With the abolition of savage societies and peasant societies, and their remnants integrated into industrial society, the community bound together by common norms vanishes and is replaced by the formal construct of civil society, in which self-interest is the primary justification for membership 1 . German sociologist Ferdinand Tönnies classifies these conceptually as Gemeinschaft and Gesellschaft – the former has historically often been labeled as reactionary and in conflict with innovation 2 . Peasantry was most likely to remain aside from global dynamics, difficult to approach and proselytize, suspicious of the wider socio-political system it is embedded in – with particularly the land-owning peasantry often to be the bogeyman for various ideologies due to their reactionary stance towards change. Other than the ever-growing city’s dweller, who is an emancipated individual within a formal societal construct that aims to ensure social security, economic growth, and rationality, but who remains alienated from the Gemeinschaft, a collective identity based on communal action, kinship, sentiment, and mythology – a concept which will remain as archaic idea known from literature and historicist films one day. Some might view these developments as a necessary step to a larger process of revolution: Karl Marx claimed the countryside’s subjection to the bourgeoisie’s rule to has rescued millions, billions, from rural isolation, by drawing them into cities for industrial work – a necessary step towards a social revolution in which the proletariat overthrows the bourgeoisie – but peasantry would be one of society’s reactionary factors, that in a class struggle would only fight for saving its own status as fraction of lower middle class 3 .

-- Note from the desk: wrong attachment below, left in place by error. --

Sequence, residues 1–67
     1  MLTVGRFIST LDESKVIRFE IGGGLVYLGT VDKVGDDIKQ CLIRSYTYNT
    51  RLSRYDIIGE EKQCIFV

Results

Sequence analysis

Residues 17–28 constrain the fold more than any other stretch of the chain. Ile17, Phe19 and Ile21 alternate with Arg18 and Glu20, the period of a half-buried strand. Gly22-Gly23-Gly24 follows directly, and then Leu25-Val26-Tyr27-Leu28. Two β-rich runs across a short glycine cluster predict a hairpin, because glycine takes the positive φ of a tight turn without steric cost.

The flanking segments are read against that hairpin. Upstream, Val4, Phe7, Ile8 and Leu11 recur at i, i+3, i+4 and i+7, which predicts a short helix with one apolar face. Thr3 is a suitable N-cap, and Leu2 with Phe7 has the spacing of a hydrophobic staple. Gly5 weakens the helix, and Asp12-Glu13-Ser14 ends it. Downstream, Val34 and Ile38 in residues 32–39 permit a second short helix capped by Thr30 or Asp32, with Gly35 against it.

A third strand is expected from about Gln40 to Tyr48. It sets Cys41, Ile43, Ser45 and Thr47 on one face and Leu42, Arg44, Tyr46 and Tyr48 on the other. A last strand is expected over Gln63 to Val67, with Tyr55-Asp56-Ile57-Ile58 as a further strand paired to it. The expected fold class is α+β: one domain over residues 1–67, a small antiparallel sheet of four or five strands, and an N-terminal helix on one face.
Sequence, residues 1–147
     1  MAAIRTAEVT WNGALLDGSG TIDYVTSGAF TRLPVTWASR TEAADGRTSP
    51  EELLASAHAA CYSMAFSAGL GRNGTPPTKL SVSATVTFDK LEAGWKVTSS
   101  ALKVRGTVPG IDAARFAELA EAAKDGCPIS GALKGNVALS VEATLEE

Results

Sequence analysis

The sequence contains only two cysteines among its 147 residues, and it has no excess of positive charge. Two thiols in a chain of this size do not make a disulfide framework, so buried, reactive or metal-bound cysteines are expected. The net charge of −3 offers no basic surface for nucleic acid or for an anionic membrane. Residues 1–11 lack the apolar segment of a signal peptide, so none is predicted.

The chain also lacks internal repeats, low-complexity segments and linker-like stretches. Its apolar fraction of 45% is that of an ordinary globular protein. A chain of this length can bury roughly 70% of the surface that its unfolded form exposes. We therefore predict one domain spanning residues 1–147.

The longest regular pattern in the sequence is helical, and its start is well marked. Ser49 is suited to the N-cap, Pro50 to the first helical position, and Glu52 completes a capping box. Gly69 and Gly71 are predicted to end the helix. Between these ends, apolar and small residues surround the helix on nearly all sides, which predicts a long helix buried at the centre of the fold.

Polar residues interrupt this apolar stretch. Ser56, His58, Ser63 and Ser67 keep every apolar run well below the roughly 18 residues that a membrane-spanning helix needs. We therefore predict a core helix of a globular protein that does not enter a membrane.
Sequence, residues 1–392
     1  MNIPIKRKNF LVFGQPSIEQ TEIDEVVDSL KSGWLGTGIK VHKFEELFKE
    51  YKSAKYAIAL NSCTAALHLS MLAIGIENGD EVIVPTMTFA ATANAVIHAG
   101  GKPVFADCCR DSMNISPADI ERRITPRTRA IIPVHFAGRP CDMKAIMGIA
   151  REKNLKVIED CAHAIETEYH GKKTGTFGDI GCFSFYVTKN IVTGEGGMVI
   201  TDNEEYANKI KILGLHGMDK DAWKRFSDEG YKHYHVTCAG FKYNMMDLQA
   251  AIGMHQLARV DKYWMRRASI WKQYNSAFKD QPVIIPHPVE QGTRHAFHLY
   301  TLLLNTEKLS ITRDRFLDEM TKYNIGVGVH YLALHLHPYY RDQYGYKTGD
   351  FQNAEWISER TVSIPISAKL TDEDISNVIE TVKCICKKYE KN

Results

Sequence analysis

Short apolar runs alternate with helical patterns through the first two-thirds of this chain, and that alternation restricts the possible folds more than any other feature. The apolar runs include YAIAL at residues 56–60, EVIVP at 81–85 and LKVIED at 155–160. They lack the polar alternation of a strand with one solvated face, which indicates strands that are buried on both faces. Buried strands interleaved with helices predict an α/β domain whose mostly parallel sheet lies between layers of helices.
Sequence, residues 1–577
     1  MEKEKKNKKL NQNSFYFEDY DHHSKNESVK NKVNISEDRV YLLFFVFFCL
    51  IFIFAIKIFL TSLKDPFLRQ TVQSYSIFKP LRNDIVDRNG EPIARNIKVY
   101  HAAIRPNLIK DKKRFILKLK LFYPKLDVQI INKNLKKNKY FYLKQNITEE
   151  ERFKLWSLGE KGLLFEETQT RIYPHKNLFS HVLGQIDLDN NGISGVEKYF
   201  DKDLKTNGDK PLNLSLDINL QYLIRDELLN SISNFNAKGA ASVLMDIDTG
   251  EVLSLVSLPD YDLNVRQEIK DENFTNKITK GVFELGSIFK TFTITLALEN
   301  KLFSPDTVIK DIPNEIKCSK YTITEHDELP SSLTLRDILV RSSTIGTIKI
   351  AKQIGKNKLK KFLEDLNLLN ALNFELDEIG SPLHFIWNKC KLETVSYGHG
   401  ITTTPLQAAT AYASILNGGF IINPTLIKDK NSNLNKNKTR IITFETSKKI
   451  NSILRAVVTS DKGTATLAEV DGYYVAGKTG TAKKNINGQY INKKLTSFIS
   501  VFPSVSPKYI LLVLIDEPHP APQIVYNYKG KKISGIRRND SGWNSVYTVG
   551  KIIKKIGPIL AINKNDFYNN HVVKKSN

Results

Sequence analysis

After feudalism, fascism, communism, and capitalism, Mr. Mića’s cousin’s main concerns are still his runaway wife, the pears and plums in the fruit garden he fosters, and the priest’s belated arrival to bless the feast banquet. His children will already have more urban concerns. This might be the reasoning in Patrik Schumacher’s mind when he would call the focus on the countryside a waste of time, along with his understanding of the rural as culturally retarded, and capitalism as driving force for the establishment of urban high culture. Schumacher quotes Marx and Engels to support his assertion about the rural’s communicative poverty and cultural retardation4 . This reinterpretation of the Communist Manifesto extends Marx’ critique of peasantry’s political nature to a critique of its cultural value. Despite these differences, in both cases the countryside is deemed an obsolete factor. In 50 years, no one will be left in villages – more precisely, no peasants will be left (suburbanized villages shall not be our concern) – and architecture shall be profitable. Hence, the millennia-old rural-urban continuum might run the risk of being discontinued – yet the often-envisioned end of history will probably not arrive, and civic society might not be the definite form of human coexistence. If we shall be concerned with the continuity of rural civilization, or its hypothetical reemergence in some future history, we might consider stepping aside dry academia, scientific analysis, and profit – established architectural practice – and consider how to tie back to some of the longest lasting cultural identities, and to acknowledge its defining contribution to our contemporary identities. The entrance of rurality-related vocabulary into everyday speech, at least in Europe, witnesses a rather derogatory stance of the wider society towards the countryside: peasant as slur. Mr. Mića, his cousin, and the alien protagonist will go down in sociological books that might elaborate on the circumstances of a vanished world, but it would require the continuity of tradition and mythology for their Gemeinschaft to sustain, and these were, if practiced, passed down by more abstract means, personally, and without mediator. But the wife of Mr. Mića’s cousin will not return to the village, nor will their children, who by now live in Oslo and Helsinki, where they might keep celebrating Archangel Gabriel, or they might not.